Tips: Photographing an inauguration or other big event

Consumer Reports News: February 04, 2009 06:08 AM

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Whether it's a wedding, a commencement, or a historic national event, when photographing large groups of people, under challenging physical conditions, it pays to prepare, and to learn from the experience of others.

Here's what I learned—with sample shots—from shooting last month's presidential inauguration:

Choose the right equipment. I used a Nikon D300 SLR. (Click on image at right for a closer look.) In our Ratings of digital SLRs (available to subscribers), it was the only model that could maintain good image quality up to an ISO setting of 3200. That's because I planned to use the highest possible ISO to minimize camera shake when shooting with the telephoto zoom.

I brought three Nikon lenses: A wide 12-24mm zoom, a mid-range 24-120mm, and a 70-200mm (with a very fast f2.8 maximum aperture). The wide zoom was for panoramas or close-ups of monuments, the mid-range for compositional flexibility most of the time, and the telephoto was, I hoped, for a shot of the swearing-in, even from a great distance.

Teleconverter-lens Based on a suggestion by Consumer Reports blogger, Tightwad Tod, an accomplished photographer in his own right, I also brought a 1.7x teleconverter. (Click on image at right for a closer look.) Costing about $450, this secondary lens multiplies a lens's magnification. In my case, it transformed my 200mm telephoto into a 340mm, or the equivalent of a 510mm lens on a film camera. (Its effective maximum aperture slowed to f/4.8, not as fast as the original lens, but still fairly fast.)

I packed nearly every memory card I own, totaling roughly 30 GB of storage into one plastic bag and several fully-charged batteries for the D300 into another.

Get pointers online. The weekend before the inauguration, I found a discussion on the Web of how others were approaching photographing the event. You may find similar discussions online to help you prepare for an upcoming wedding or graduation; you might even find such tips, or ask for some, at our forum for camera techniques.

Also, following an online suggestion, I bought lightweight work gloves and cut off the fingertips for camera work requiring a fine touch.

Practice, but also improvise. Since I ended up more than a mile from the Capitol, I didn’t get any photos of Obama himself, taking the oath. Nor did I duplicate David Begman's feat of stitching together a 1,474 megapixel Gigapan panorama.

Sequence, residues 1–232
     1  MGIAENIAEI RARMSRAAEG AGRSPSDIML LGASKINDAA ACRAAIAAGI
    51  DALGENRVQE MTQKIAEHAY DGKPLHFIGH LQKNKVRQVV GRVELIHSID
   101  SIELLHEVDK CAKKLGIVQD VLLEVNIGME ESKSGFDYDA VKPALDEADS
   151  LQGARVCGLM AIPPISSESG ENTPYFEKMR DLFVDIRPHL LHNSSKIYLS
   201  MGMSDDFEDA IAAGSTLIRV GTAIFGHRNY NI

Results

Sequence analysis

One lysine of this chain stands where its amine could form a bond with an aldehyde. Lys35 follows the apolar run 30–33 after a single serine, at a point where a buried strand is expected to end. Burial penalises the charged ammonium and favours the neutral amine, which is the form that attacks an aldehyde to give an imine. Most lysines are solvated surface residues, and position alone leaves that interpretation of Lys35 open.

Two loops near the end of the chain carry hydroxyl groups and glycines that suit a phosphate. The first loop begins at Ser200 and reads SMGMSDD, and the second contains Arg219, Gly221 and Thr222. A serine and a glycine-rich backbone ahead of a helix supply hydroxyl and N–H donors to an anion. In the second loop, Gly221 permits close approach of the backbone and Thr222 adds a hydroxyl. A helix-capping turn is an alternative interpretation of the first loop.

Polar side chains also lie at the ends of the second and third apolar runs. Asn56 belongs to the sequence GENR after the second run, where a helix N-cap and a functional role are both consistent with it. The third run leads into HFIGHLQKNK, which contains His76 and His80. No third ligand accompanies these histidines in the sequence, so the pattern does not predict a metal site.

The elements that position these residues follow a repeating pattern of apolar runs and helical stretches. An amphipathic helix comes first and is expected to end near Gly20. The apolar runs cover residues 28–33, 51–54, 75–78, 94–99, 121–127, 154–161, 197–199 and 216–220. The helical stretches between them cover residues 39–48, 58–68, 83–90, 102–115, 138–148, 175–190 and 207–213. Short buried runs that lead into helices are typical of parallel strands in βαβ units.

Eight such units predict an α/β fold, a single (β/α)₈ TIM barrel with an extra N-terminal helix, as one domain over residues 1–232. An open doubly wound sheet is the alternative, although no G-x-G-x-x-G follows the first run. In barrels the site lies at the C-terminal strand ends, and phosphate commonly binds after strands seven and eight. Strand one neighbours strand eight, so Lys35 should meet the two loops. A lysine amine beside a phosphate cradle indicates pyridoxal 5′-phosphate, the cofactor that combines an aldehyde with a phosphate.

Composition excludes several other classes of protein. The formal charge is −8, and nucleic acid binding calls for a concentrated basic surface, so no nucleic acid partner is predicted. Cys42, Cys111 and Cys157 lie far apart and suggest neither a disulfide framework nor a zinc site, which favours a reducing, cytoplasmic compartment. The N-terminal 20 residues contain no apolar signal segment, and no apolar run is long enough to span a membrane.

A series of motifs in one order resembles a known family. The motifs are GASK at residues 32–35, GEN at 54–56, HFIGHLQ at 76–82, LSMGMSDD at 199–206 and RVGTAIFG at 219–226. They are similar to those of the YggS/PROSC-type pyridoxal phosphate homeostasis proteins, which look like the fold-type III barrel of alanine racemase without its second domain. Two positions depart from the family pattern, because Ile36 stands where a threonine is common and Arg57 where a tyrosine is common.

US-capitol-at-noon-inauguration But I did get the image at right (click on it for a closer look), using a maximum effective focal length of 510mm, f/4.8, 1/2500 of a second, and ISO 640. I arrived at those settings by taking numerous test shots during the three-hour morning vigil, varying ISO and shutter speed to make sure there would be no camera shake.

Happily, the sun shone brightly enough at noon that I was able to get a very fast shutter speed without having to crank up the ISO into triple digits. Although our tests of the Nikon D300 (available to subscribers only) show that it can shoot good quality images at ISO settings up to 3200, I assumed that quality would be even better at ISO 640.

I'm not tall, but I was able to shoot above even the tallest people's heads by standing on a folding step-stool, which I borrowed from someone in the crowd in exchange for promising to e-mail him some of my photos (a promise I have since kept). Unfortunately, my sight-line to President Obama and Chief Justice Roberts was blocked by a television scaffold, which appears in the above photo as a white blob. So much for planning for everything!

Wide-angle shots of part of the crowd of two million worked out better. This shot (Click on image at bottom right.) was taken at 21mm (film equivalent), f/4, 1/6400 second, ISO 640. In retrospect, I wish I had used a smaller aperture to increase the depth of field and sharpen the people in the foreground.

Crowd If you're planning to do some outdoor shooting yourself, check out our additional tips on winter photography.

If you're in the market for a camera, be sure to check out our engaging video buying guide to digital cameras, in which our camera testers explain what you need to know to be a smart shopper. Our free Digital Camera Buying Guide offers detailed expert advice.

For the best models on the market now, see our Digital Camera Ratings (available to subscribers) and use Consumer Reports Shop Online tool for real-time price comparisons of rated cameras at retail outlets.

—Jeff Fox

Jeffrey Fox

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